Colouring books aren’t just for kids, as Stephanie Holm shares the wild influences behind her PhD and new book.
I’m sure you’ve noticed the mozzies around campus. You may have even spotted Sunny the Tree Snake basking on the bridge to Shortland. Callaghan Campus is home to a wide variety of native flora and fauna, including birds and other, less vicious, insects. But did you know that there are different habitats on campus: wetlands, dry and wet sclerophyll forest, even rainforest?
I’ve always been fascinated by the natural world. When I was a child I loved playing outdoors; climbing the Banksia tree in the front garden of my Grandparent’s house, swimming at the beach, searching for crabs along the lake’s edge and collecting abandoned cicada shells.
As well as camping, I also liked reading and colouring in. The patterned Aussie animals in Louisa Eddleston’s Arty Animal Outlines were a favourite. These interests stayed with me as I grew. I began to draw and colour my own work, swapping pencils for watercolours, eventually making my way to the University of Newcastle to study its unique Bachelor of Natural History Illustration.
In the degree I studied both field and studio courses. The field courses involved observing animals in their natural habitats. In the studio I learnt different illustration techniques from stippling to scientific drawing. I’m still learning new techniques, and learning about different plants and animals – I don’t think I’ll ever stop.
Hence, I’m sticking around to do a PhD. My practice-based PhD involves illustrating the campus bushland. I undertake fieldwork to gather information about the species on campus, observing their habits and using this to compose my illustrations. The completed works will be digitised to provide a visual resource, encouraging species identification.
My aim in illustrating is for the work to be engaging, and raise awareness of our fantastic fauna and flora. This desire has led to the creation of a new project; perhaps you’ve noticed the recent explosion of colouring books? Wildscapes: An Australian art therapy colouring book is my version.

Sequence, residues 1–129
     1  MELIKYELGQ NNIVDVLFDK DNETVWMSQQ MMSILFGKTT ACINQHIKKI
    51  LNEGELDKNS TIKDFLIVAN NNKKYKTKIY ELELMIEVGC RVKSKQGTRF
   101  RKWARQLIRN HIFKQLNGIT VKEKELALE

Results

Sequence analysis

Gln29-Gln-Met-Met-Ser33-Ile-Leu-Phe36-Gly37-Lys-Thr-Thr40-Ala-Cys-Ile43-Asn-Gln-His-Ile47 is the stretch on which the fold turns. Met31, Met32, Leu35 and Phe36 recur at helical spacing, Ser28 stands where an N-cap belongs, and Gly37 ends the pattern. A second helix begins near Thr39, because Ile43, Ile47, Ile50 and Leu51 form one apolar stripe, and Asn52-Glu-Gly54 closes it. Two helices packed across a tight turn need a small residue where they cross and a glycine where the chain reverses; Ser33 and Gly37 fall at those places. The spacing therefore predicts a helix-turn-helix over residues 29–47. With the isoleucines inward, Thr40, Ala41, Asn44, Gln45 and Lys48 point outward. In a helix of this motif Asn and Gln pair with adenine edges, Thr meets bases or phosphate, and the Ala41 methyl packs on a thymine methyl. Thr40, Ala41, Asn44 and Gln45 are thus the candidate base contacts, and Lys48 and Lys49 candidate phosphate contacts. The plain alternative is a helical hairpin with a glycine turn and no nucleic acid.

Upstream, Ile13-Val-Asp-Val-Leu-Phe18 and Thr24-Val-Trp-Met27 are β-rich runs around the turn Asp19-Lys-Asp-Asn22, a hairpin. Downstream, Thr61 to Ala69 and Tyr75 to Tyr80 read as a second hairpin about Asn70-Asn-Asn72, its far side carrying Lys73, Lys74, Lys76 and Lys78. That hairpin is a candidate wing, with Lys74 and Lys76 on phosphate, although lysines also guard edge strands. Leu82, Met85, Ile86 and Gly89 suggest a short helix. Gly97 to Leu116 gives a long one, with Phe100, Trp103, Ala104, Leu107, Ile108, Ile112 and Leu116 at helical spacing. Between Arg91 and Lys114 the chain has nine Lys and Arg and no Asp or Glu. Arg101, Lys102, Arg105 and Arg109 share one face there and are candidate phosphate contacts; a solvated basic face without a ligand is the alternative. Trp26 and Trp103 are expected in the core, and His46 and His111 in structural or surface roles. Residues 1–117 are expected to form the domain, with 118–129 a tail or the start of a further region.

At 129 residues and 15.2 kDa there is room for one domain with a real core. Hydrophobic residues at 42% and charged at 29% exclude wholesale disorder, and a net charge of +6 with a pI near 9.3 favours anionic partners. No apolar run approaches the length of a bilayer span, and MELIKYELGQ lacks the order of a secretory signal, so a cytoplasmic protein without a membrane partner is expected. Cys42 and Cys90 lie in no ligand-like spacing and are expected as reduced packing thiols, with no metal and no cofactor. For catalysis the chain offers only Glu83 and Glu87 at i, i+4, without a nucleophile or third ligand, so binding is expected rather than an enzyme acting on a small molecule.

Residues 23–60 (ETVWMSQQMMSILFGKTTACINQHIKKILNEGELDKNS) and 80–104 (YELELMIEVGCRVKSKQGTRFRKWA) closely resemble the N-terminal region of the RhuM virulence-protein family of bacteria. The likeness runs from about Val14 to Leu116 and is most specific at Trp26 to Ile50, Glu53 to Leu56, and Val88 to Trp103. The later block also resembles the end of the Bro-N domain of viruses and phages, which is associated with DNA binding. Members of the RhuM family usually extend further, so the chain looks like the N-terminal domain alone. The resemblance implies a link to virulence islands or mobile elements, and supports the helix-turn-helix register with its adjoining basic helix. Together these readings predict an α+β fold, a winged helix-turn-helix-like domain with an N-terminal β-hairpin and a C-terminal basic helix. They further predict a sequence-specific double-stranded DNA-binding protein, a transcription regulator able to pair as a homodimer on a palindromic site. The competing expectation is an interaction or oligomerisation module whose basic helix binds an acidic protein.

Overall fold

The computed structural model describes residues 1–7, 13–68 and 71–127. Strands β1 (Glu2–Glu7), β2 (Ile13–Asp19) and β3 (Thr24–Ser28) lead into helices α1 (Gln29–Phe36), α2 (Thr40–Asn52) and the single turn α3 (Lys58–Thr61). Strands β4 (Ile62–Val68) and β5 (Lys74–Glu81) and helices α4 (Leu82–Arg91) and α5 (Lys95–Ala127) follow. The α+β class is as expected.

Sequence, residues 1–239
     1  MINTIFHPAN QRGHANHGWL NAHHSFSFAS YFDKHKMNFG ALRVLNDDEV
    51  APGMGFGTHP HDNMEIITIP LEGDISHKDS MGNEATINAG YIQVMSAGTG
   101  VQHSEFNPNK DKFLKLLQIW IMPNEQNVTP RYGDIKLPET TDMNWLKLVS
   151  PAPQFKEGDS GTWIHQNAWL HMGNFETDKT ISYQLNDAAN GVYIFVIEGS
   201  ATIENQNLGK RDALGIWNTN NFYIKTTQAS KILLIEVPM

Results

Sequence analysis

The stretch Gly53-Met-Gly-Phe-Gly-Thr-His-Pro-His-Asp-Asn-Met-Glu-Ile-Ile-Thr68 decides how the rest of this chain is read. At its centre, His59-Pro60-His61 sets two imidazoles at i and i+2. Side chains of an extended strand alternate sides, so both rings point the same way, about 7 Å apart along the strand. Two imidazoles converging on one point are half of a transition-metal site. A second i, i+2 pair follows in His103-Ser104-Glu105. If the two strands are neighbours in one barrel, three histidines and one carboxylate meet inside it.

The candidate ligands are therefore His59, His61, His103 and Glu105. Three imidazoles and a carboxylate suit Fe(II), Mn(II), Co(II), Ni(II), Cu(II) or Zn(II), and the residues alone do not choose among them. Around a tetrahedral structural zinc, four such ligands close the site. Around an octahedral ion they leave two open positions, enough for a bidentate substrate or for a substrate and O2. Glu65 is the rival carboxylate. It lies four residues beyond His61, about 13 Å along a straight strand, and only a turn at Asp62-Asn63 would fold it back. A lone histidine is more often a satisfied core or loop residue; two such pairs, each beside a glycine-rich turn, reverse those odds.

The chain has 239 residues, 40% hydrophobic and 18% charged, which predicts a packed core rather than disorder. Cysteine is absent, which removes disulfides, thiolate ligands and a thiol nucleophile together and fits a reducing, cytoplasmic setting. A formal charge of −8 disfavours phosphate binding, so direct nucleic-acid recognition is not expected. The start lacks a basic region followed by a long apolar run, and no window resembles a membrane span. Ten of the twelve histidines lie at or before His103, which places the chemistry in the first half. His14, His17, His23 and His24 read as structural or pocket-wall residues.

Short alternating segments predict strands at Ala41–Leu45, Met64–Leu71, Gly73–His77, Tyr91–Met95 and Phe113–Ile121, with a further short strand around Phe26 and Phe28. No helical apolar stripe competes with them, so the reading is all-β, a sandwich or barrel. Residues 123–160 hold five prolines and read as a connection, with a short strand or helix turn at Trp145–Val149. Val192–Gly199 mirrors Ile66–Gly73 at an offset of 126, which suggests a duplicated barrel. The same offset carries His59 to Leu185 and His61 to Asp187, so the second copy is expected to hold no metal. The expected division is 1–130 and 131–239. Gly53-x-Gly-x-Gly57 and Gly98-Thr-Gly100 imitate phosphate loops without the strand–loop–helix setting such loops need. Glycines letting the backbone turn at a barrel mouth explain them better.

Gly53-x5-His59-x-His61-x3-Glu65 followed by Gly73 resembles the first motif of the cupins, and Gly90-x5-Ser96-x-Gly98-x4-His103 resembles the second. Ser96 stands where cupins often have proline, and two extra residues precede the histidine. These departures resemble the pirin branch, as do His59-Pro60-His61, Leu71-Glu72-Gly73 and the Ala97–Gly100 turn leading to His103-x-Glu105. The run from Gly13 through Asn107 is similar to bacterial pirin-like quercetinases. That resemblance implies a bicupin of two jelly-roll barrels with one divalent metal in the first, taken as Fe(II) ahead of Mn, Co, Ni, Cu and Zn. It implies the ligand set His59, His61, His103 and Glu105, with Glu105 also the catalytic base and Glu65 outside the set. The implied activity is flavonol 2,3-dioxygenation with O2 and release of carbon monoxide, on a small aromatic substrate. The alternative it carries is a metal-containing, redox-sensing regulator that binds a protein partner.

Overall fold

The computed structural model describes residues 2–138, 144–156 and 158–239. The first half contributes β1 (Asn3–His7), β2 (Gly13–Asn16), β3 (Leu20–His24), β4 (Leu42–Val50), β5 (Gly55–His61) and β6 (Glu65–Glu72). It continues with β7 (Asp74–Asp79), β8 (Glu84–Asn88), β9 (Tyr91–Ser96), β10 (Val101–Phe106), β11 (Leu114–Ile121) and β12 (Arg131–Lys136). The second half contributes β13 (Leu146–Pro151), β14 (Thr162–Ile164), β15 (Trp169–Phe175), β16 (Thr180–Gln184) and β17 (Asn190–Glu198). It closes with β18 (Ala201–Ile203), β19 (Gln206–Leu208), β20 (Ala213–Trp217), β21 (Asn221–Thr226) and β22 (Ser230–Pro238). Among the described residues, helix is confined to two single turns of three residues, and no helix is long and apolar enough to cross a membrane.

In Wildscapes I’ve made an Aussie animal colouring book I would have loved to colour as a child, with detail, hidden elements and interesting scenes. Wildscapes features realistically illustrated Australian animals in their habitats, along with pretty patterns. Inside, you might discover your favourite Aussie animals, such as koalas, bilbies and cockatoos. With so many unique and interesting animals in Australia, it was very difficult to narrow down my choice of animals for inclusion in the book! In the end it came down to those I knew the most about, so NSW East Coast species feature predominantly. Some of the animals I observed on campus have even found their way onto its pages, like the nesting grey fantails.
I’ve included one of my illustrations for you to colour in yourself – a Willie Wagtail I spotted by the wetlands on campus. Click the pic at the end for a full-size version you can download or print. If you’d like colouring tips and techniques I’m posting a series of colouring examples on my Instagram @bystephanieholm, plus my Facebook is here.
Finally, if you enjoy colouring this page and want more, Wildscapes is available now at the Co-Op bookstore on Callaghan campus, or you can order it here.